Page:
Classic Cooper/Brennan Western
Terence Allen | Atlanta, GA USA | 03/28/2008
(5 out of 5 stars)
"Take a real life Western character (the notorious Western judge Judge Roy Bean), add one of the genre's sturdiest heroes (Gary Cooper), and you have the makings of a Western movie classic.
"The Westerner," starring Cooper and his good friend and frequent co-star Walter Brennan as Judge Bean, does what Hollywood does so well - take a pinch of truth, a heap for fiction, and mixes them for a pleasing theatrical stew. Cooper plays a wandering cowpoke who runs afoul of Bean's kangaroo court, and gets accused of horsestealing (a hanging offense in most courts, but definitely in Judge Bean's horse thieves). The cowpoke gets off by convincing the judge he knows famous actress and Lilly Langtry, who the judge desperately wants to meet. Cooper strings Bean along to keep himself out of trouble, but gets back into trouble when he sees that Bean and the townspeople are trying to run a group of homesteaders out of the country. Cooper decides to help the homesteaders, putting himself on a collision course with Bean.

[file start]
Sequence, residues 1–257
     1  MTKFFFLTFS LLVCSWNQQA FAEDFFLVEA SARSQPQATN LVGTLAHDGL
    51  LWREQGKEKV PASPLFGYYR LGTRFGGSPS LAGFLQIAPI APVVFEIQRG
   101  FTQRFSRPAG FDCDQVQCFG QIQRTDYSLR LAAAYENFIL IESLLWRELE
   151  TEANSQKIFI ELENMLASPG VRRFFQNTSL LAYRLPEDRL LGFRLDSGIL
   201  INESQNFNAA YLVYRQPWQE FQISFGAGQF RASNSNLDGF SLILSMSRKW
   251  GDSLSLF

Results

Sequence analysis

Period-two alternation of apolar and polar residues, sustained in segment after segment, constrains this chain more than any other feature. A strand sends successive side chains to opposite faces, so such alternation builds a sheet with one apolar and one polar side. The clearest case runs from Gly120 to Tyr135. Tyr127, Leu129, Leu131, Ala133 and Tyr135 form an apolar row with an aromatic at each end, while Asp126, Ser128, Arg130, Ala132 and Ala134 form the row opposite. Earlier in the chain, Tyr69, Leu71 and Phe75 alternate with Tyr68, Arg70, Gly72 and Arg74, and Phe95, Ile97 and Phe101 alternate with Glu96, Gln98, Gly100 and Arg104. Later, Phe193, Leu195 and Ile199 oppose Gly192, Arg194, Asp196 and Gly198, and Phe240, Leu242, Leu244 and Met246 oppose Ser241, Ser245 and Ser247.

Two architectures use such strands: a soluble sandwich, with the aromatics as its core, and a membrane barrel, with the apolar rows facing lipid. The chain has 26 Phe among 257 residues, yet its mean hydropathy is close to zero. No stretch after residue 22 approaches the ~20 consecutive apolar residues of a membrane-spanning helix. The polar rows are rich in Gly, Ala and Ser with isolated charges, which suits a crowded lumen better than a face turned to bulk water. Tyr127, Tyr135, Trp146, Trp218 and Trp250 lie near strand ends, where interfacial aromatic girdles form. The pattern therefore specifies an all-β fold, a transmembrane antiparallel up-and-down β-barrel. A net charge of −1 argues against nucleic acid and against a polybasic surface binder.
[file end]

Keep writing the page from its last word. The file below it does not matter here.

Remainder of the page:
Brennan won one of three Academy Awards for Best Supporting Actor for this film, and it's no mystery why he won. Both charming and contemptible, his Judge Roy Bean is quaintly naive and corruptibly sinster. His interaction with Cooper throughout the film is masterful in its complexity and psychology. Cooper is his usually solid, quiet hero who says a lot with few words. Backed by solid Western supporting stars like Chill Wills and Forrest Tucker, "The Westerner" is a wonderful Western, and great to see it rereleased on DVD."